Letter to the editor

Hepatotoxicity of anesthetic gases

Wiebke Albrecht1[*]

1Leibniz Research Centre for Working Environment and Human Factors

EXCLI J 2020;19:Doc1052


Dear Editor,

Recently, Masoud Neghab and colleagues published an article about liver enzymes in operating room personnel exposed to anesthetic gases (Neghab et al., 2020[13]). In the United States about 200,000 health care workers may be exposed to anesthetic gases (OSHA, 2000[15]). Possible adverse effects discussed in the context of exposure to anesthetic gases are hepatotoxicity (Safari et al., 2014[16]; Nicoll et al., 2012[14]; Iaizzo et al., 1990[9]) and nephrotoxicity (Jafari et al., 2018[10]). Neghab and colleagues studied 52 exposed and 52 non-exposed individuals (Neghab et al., 2020[13]). The exposed subjects showed relatively high mean urinary concentrations of 176 ppm, 5.0 ppm and 15.0 ppm nitrous oxide, isoflurane and sevoflurane (Neghab et al., 2020[13]). The authors report statistically significant increases in the liver enzymes aspartate aminotransferase, alanine aminotransferase and glutathione-S-transferase α as well as the kidney damage marker kidney injury molecule-1 compared to non-exposed individuals. It should, however, be considered that the exposure associated increase of liver enzymes was small. For example, aspartate aminotransferase increased from 19.8 ± 11.8 in non-exposed to 24.8 ± 13.2 U/L in exposed individuals (Neghab et al., 2020[13]). The corresponding activities for alanine aminotransferase were 20.8 ± 14.7 and 29.8 ± 20.7, respectively.

Currently, numerous studies are performed to study hepatotoxicity in vitro, e.g. using primary human hepatocytes (Godoy et al., 2013[4]; Albrecht et al., 2019[1]; Gu et al., 2018[7]; Grinberg et al., 2014[6], 2018[5]). In animal models often the toxic solvent CCl4 (Hoehme et al., 2010[8]; Ghallab et al., 2016[2]) or acetaminophen (Ghallab et al., 2019[3]; Leist et al., 2017[12]) are used to study hepatotoxicity. In human liver diseases as well as in animal studies with experimental, e.g. cholestatic liver damage, a much higher increase of liver enzymes is observed (Ghallab et al., 2019[3]; Vartak et al., 2016[17]; Jansen et al., 2017[11]) compared to the present study (Neghab et al., 2020[13]). The authors of the present study (Neghab et al., 2020[13]) critically discuss if the very small increase of liver enzymes is of pathophysiological relevance or if it can be compensated without consequences. The work of Neghab and colleagues represents a valuable contribution to the long-standing question if occupational exposure to anesthetic gases causes an increased risk of hepatotoxicity. Further analyses of exposed individuals are required and a specific focus should be given to studies with a long-term follow-up to learn if operating room personnel exposed to anesthetic gases has an increased risk to develop chronic liver diseases.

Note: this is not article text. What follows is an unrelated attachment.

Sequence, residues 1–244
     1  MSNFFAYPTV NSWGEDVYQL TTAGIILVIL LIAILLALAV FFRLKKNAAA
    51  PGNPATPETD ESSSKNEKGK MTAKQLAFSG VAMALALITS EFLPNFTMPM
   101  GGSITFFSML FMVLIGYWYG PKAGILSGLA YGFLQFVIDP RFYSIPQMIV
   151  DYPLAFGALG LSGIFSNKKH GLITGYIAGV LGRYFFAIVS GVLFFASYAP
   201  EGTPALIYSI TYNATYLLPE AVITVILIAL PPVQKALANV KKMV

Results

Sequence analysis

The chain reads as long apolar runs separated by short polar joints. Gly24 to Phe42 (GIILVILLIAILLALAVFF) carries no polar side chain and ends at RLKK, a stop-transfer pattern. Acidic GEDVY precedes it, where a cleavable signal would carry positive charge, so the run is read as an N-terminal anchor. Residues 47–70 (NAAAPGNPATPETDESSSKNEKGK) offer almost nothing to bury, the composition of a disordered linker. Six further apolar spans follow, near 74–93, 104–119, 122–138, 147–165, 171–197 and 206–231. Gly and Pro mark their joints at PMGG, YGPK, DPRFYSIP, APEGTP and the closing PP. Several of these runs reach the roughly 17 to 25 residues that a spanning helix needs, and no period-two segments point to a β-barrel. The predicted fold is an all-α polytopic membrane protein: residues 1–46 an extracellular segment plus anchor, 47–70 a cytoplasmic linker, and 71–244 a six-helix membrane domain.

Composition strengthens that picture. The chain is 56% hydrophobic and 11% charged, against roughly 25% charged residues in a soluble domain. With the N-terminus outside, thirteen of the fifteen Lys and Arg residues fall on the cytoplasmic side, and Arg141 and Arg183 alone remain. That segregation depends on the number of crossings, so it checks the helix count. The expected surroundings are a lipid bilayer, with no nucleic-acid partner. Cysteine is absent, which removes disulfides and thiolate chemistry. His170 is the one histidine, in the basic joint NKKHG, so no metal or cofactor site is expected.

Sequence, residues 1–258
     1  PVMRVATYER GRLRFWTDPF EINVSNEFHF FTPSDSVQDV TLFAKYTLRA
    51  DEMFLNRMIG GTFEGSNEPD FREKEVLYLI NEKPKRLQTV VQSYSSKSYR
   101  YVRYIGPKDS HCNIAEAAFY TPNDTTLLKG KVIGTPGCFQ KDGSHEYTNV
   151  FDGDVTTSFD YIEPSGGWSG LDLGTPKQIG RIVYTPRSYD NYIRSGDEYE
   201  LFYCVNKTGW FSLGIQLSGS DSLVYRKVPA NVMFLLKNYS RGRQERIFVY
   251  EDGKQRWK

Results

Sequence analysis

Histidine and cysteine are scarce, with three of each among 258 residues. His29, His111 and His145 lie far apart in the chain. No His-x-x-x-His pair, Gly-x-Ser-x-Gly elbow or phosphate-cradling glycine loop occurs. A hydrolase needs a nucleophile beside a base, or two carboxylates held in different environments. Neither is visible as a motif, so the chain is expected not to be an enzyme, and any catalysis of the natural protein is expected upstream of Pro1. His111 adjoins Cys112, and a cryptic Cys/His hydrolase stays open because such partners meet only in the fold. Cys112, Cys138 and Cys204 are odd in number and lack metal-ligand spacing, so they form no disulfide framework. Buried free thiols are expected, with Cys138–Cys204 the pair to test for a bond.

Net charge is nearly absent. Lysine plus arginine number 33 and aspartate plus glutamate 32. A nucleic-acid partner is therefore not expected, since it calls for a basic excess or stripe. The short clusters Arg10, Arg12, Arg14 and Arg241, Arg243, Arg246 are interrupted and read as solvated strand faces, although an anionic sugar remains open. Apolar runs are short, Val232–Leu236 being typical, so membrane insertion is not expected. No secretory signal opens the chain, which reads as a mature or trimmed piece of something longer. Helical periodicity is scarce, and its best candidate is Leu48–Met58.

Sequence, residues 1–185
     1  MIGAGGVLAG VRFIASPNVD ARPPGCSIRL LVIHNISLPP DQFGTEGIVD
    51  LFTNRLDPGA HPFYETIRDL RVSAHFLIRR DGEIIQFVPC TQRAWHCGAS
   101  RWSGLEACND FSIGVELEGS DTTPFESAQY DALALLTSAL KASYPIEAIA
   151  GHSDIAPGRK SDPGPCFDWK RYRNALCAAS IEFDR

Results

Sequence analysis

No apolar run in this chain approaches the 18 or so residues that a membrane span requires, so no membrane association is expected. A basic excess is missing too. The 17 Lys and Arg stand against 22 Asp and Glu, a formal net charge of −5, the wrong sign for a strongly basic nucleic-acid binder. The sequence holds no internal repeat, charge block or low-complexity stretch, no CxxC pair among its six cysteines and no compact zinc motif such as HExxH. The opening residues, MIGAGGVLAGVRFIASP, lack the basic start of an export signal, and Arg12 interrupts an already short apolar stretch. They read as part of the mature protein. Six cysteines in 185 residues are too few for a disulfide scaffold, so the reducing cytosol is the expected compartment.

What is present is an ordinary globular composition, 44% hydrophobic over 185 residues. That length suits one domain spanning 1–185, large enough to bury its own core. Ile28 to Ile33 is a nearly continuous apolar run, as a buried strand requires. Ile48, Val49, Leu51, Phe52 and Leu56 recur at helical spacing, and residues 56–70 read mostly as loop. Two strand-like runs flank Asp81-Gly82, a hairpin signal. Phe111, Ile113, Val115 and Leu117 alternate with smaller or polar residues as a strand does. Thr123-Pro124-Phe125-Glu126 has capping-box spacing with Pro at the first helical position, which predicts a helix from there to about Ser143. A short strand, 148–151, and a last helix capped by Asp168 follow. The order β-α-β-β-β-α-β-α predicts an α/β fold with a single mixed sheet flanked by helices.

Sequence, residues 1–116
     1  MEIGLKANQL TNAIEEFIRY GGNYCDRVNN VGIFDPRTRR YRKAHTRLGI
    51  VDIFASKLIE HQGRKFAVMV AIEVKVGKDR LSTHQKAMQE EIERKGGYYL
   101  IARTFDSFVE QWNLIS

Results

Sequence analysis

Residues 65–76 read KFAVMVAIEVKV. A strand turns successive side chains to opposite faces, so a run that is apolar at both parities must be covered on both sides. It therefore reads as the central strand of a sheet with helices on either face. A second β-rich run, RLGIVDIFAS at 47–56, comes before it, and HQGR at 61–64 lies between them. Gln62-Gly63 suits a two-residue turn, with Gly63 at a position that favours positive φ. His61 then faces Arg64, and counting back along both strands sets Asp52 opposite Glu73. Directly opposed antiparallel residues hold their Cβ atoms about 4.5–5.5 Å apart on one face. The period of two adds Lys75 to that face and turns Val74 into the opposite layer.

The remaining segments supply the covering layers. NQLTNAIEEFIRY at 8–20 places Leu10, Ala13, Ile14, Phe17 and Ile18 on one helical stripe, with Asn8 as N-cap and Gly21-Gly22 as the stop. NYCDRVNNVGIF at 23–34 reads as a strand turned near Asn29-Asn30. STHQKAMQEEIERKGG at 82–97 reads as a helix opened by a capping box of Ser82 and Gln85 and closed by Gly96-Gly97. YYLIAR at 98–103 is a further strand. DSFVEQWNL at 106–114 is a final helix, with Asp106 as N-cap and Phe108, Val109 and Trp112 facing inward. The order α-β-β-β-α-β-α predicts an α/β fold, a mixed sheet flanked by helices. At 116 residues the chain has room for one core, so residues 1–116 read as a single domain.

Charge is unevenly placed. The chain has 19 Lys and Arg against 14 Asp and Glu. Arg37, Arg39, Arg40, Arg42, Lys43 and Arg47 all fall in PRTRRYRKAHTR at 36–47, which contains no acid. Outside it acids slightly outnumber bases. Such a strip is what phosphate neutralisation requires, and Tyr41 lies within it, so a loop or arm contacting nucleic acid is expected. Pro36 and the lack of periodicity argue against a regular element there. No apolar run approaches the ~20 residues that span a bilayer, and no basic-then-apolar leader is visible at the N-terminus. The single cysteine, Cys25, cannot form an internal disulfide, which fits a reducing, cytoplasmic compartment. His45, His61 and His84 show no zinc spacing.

Conflict of interest

The author declares no conflict of interest.



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[*] Corresponding Author:

Wiebke Albrecht, Leibniz Research Centre for Working Environment and Human Factors, Ardeystr. 67, 44139 Dortmund, Germany, eMail: albrecht@ifado.de